The ‘debate’ on a pension for the injured of the conflict is one that absolutely baffles me.
A pension for those worst injured as they get older and cope with growing effects of their injuries – who can argue against that? Ex-RUC injured get a pension and access to a range of schemes. Good. Why shouldn’t everyone have access to a fair and secure pension when they live every day in pain? Surely it’s the least our post conflict society can do.
But there are some who want to exclude. The DUP are proposing a bill that excludes those with political convictions or were ‘suspected’ of paramilitary actions.
It’s a position, posturing as politics, which has no place for human compassion. It’s a zealot-like agenda trying to establish “innocence” from “terrorism”, without a single mention of state killings, collusion or decades of impunity. And all to the cost of those who live every day in pain. That many of those who make this call are beneficiaries of state security pensions only highlights the agenda. It is as hypocritical as it is lacking in any morality
Make no mistake, if a one sided pension is secured this will mean a full frontal assault on the current definition of victims, and our community which suffered so much at the hands of the state and its proxies will be written out. All to serve the promotion of one narrative of our conflict.
A fully inclusive pension for ALL of the most seriously injured is the only path to be taken.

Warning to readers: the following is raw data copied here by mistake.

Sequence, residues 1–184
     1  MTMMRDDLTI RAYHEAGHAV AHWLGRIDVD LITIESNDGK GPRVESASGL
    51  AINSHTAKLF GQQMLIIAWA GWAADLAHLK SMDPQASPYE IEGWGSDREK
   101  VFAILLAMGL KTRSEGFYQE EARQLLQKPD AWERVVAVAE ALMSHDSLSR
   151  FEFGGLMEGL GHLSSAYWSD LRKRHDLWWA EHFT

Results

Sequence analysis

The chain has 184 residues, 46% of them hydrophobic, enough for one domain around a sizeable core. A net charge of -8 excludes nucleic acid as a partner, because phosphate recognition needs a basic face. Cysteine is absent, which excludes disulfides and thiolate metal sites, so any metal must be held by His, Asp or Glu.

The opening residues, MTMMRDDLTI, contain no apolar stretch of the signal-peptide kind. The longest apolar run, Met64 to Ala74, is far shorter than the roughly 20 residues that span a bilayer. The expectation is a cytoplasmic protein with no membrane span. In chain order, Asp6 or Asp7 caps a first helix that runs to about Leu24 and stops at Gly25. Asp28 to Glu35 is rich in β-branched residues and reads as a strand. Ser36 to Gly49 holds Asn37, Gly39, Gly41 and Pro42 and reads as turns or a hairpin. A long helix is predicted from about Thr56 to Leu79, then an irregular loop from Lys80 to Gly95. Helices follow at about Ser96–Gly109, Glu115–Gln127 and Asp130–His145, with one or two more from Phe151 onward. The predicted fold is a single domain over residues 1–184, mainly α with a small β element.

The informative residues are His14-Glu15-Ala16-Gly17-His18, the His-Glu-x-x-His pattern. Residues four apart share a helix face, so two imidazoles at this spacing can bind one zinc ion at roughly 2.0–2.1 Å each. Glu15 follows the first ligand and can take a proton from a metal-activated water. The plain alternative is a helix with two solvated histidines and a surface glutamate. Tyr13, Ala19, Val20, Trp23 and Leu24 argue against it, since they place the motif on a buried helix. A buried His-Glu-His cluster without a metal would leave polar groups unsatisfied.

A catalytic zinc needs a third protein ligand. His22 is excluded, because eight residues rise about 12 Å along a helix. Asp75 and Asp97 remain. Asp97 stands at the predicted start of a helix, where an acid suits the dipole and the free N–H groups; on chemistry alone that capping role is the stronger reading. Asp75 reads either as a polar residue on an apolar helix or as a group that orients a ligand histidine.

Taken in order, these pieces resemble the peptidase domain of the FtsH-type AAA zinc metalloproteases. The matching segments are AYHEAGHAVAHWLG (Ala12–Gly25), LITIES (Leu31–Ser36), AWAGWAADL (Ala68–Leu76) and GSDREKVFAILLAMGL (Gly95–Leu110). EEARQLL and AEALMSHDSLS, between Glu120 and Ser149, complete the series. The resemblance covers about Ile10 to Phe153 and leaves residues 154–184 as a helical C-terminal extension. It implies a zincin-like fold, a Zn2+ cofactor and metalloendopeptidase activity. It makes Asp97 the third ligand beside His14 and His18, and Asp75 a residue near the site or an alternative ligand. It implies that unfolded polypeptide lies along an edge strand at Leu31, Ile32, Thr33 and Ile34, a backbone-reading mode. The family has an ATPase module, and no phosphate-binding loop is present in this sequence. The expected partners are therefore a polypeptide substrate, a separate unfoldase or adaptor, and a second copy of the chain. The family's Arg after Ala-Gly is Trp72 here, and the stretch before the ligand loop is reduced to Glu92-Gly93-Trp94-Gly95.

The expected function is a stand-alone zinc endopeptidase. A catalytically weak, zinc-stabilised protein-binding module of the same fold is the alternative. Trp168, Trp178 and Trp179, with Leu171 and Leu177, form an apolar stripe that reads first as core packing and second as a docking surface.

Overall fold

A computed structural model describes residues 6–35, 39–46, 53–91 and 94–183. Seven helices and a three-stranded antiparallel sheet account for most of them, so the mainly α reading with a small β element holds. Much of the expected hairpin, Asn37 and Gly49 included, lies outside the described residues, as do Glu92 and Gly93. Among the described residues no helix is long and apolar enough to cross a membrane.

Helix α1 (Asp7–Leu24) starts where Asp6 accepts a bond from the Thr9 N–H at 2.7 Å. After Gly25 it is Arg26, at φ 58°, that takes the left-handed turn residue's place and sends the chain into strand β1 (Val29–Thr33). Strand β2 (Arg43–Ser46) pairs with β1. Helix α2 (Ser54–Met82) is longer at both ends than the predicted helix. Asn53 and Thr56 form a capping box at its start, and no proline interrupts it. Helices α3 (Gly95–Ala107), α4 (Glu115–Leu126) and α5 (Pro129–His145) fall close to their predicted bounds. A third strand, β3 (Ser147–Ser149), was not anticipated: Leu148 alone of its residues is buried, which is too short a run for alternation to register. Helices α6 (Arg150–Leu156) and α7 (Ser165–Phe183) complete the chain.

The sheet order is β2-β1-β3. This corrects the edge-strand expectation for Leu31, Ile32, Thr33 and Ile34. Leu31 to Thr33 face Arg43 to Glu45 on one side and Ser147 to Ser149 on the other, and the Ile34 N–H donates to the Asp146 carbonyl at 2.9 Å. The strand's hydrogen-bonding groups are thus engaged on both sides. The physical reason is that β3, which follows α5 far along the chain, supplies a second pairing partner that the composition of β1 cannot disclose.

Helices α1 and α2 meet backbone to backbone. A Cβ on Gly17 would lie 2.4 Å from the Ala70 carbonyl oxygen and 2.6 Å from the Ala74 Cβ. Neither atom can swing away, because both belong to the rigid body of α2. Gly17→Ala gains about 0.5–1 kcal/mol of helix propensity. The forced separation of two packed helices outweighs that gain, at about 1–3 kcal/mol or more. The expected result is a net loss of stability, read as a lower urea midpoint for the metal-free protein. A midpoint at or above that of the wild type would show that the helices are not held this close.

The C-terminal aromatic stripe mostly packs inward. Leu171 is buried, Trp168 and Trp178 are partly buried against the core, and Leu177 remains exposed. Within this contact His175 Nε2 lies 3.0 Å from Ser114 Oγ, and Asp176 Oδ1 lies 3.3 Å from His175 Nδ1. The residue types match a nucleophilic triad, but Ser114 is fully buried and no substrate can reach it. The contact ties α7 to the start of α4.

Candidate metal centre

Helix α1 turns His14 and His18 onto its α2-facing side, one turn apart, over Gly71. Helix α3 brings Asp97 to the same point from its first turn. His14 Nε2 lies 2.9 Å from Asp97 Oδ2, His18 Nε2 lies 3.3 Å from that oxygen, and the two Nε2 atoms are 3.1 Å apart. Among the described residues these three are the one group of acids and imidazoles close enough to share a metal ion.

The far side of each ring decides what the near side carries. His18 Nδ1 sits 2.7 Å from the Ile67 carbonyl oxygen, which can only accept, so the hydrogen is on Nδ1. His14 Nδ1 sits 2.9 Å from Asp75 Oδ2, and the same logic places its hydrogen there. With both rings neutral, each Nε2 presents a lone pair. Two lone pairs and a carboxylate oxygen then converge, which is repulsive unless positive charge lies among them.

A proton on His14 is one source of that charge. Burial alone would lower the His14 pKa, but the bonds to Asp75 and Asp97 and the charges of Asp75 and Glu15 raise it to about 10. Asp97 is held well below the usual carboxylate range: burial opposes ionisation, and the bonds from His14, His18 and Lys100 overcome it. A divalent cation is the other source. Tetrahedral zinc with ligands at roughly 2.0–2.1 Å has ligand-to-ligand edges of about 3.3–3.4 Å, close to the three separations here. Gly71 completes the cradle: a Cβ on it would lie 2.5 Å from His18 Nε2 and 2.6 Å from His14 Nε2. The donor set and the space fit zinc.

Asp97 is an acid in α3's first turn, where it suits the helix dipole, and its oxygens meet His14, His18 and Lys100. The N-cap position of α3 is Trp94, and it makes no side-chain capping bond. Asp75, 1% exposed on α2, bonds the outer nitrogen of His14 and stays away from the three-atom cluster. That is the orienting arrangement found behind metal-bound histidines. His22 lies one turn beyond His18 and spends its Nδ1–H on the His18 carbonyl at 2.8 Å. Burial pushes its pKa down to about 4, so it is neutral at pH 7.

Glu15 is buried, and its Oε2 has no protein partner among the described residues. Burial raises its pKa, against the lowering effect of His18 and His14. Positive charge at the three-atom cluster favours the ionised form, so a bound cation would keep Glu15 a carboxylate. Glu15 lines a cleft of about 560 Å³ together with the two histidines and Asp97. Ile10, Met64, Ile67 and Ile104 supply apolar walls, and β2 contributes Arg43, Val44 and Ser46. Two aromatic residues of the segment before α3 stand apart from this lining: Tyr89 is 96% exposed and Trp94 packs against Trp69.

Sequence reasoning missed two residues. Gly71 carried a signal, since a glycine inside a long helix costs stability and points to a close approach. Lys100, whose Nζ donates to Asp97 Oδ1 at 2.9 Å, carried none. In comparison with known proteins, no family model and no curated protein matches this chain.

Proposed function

The only issue I have is that the debate is so narrow, as it targets only the ‘most physically injured’. There are less visibly injured who suffer physically and psychologically who will be excluded. And consideration must be given to the families who were bereaved. Families thrown into poverty as well as despair following the killings of their loved ones.
The stories of how NIO Compensation Courts treated anyone, whose loved ones were not members of security forces, are harrowing. Parents given the paltry price of a burial because their child was of “no monetary value”. Young wives with large families told they were “still good looking” and would find another man, sent away with pittance and humiliation. Husbands living with the psychological violence of trauma, told their wives never worked so were “not worth compensation”.
While our processes for dealing with the past focus on the circumstances of deaths families cannot separate the subsequent injustices they suffered.
So actually, rather than one discriminatory scheme that reinforces pain and trauma, there is a need for a fuller scheme which includes the bereaved and injured and which acknowledges the social and economic impacts of conflict deaths and injuries. An inclusive approach that recognises that the security community received significant packages and any new scheme must achieve equality for all. And importantly a scheme that connects to the search for truth and justice.

Our processes to deal with the past should reflect how our conflict was experienced in all of its complexity – equally and without discrimination. 

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